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Historically (as in the last 30 or so years), when we have been speaking of a cashless society, we haven't actually been speaking of a cashless society, but one in which the receipt and payment of case (as in paper/plastic/metal minted money) is totally electronic and while there is no usage of physical currency, it could still be used, and the transactions were movement in ownership of physical currency.

 

I watched a documentary about how France was developing the technology to do this before I first left Aus, so it had to be around 25 years ago. The theory was your smart cash card held information on the balance of your account so if the networks were down, the card still knew how much it had and the point of sale system would deduct accordingly and save the transaction both on the card and the point of sale system. When the point of sale system was reconnected to the network, it would send the transactions to the bank.. and the same with the cared.

 

It was a relatively simple system and it largely worked, but had two main issues to overcome:

  1. The technology at the time was a simple magnetic strip. The data was encrypted and the usage of a PIN meant that even if it were skimmed, the data couldn't be got to or the card used unless the skimmer knew the pin.. and that runs the same risk as it does today (notwithstanding pinless transaction limits). However, if the card got too near to a magnetic field, it could corrupt the data.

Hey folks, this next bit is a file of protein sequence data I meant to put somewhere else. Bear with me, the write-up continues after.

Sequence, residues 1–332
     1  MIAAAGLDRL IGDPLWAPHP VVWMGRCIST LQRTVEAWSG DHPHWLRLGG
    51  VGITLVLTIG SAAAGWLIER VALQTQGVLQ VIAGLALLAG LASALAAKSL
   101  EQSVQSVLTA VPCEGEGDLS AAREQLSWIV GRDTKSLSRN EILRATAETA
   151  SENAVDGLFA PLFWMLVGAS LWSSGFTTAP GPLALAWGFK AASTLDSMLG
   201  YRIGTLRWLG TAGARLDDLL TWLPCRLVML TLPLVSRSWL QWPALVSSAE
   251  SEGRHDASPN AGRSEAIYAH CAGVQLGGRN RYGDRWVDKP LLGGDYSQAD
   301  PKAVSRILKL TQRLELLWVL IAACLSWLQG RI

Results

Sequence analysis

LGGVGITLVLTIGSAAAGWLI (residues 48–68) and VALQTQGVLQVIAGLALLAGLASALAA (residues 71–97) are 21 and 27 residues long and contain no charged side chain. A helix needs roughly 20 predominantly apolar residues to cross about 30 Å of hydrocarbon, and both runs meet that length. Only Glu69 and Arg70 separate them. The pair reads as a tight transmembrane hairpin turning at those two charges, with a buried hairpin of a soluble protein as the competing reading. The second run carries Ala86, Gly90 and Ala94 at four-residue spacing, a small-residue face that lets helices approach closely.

2. While the card is not on the network, the card thinks the account has money in it, when transactions processed which it hasn't been able to reflect on the card have rendered the account with not enough money. At the same time, this was a similar problem that ATM networks had. In the early days where data networks were of low bandwidth, your bank's ATMs were real-time connected to each other over a small geographic area.. For each geographic area, there would be a central server that held details of client accounts. They synced with central servers every couple of hours. What this would mean is that you could use your card to buy, say petrol, and the regional server would be updated with the transaction. However, if you drove to an area where the ATM/Point of Sale network was serviced by a different distributed server, then it did not know about the withdrawal you made and thought you had the same amount of money as you did before the withdrawal. Many people cottoned onto this, and there was a big article about how going overdraft in these circumstances was tantamount to theft - except, that the defence was how is one supposed to know how much is in the account if the servers don't know.. there could have been expected deposits, for example, that didn't materialise and hadn't been pushed to the server - or someone simply forgot about a previous transaction they made.

 

Despite these problems, which were able to be overcome, the technology didn't take off because the banks couldn't agree an international standard. And even so, because the electronic payments were movements of physical cash, it was still wise to carry cash just in case.. so society would never really truly be cashless.